Paul tells Timothy explicitly, “You, however, continue in the things you have learned and become convinced of, knowing from whom you have learned them, and that from childhood you have known the sacred writings which are able to give you the wisdom that leads to salvation through faith which is in Christ Jesus” (2 Tim 3:14-15). The sacred Scriptures bring salvation to the whole person. Every part of human existence is redeemed, saved, made whole by the teachings of sacred Scripture. What more do we require? What more could we ask for?

Paul continues, “All Scripture is inspired by God and profitable for teaching, for reproof, for correction, for training in righteousness; so that the man of God may be adequate, equipped for every good work” (2 Tim. 3:16-17). According to Paul, nothing more is needed outside of Scripture to equip the saints for every good work. The Word of God is sufficient to perform its predetermined work in our lives and in the life of the body of Christ. Here Paul says that the purpose of Scripture is to equip the believer for every good work. There are no good works required of God that Scripture is not sufficient to equip us to perform. “It signifies that without exception (πᾶν, “every,” in the sense of every kind) God has equipped “the person of God” to do what is “good,” i.e., what he has indicated in his scripture should be done, since he himself is the norm of all good.” [Knight, The Pastoral Epistles]

To be sure, even those gifts mentioned in the text of Scripture itself, to include offices and experiences were all given for our own equipping. They were not events that happened to individuals without any relation to the overarching purpose of their record in the sacred writings. Every revelation in Scripture was given, not solely for the benefit of the purpose receiving, but for our benefit as well. In fact, I would argue that every revelation of Scripture was given primarily for us, not the individual having the experience. The latter would always be of secondary concern.

If one accepts the view of Scripture as both necessary and sufficient, the question then arises what are the consequences of this position on the standard Pentecostal/continuationist view of tongues and prophecy. I think we can talk about this briefly to see if the modern claims of tongues and prophecy are coherent with the reformed or conservative view on the sufficiency of Scripture.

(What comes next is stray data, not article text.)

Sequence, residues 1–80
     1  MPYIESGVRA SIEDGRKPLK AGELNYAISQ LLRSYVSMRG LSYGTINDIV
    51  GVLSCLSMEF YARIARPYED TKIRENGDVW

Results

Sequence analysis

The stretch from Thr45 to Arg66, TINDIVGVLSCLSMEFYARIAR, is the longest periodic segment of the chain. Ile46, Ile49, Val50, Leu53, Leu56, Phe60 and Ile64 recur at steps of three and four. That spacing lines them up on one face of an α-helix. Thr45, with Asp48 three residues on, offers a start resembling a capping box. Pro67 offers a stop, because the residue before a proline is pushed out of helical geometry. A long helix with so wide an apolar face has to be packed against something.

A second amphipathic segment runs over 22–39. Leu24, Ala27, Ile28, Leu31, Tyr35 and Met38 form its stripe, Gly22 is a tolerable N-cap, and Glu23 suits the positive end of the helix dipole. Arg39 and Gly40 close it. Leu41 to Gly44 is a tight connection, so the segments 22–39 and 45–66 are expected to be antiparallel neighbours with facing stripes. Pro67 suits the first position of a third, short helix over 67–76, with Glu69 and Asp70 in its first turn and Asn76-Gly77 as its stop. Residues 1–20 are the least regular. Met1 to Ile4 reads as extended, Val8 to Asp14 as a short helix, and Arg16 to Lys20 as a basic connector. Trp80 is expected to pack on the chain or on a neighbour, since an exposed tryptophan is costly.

Most scholars readily admit that NT tongues were actual languages. I am not going to argue with the counterclaim to this because it is entirely without merit, reason, and especially sound exegesis. In addition, modern studies reveal that modern tongues practiced in Pentecostal theology are not actual languages. Therefore, if one is going to claim that this modern phenomenon is linked to the NT Church, they will have to find another way. The way to approach this difficulty, according to some, is to view modern tongues as this private prayer language mentioned in 1 Cor. 14:2. However, the context of this chapter would not support the view that this phenomenon is the same as that witnessed in Pentecostal circles today. This is because the tongues mentioned in 1 Cor. 14 can be interpreted. We see this in verse 13 where Paul says that the one who uses this language must also pray that he can interpret it. Only real languages can be interpreted. Some argue that this a code-like language similar to a computer code. Others confess that the modern phenomenon is not the same as NT tongues, but that does matter because the experience is similar. Suffice it to say, there is not one shred of biblical support for such subjective and nonsensical arguments. From this we conclude that NT tongues were always either understood by those who spoke that language, or they were capable of being interpreted into the language of the community. This means that NT tongues were in fact always an actual language.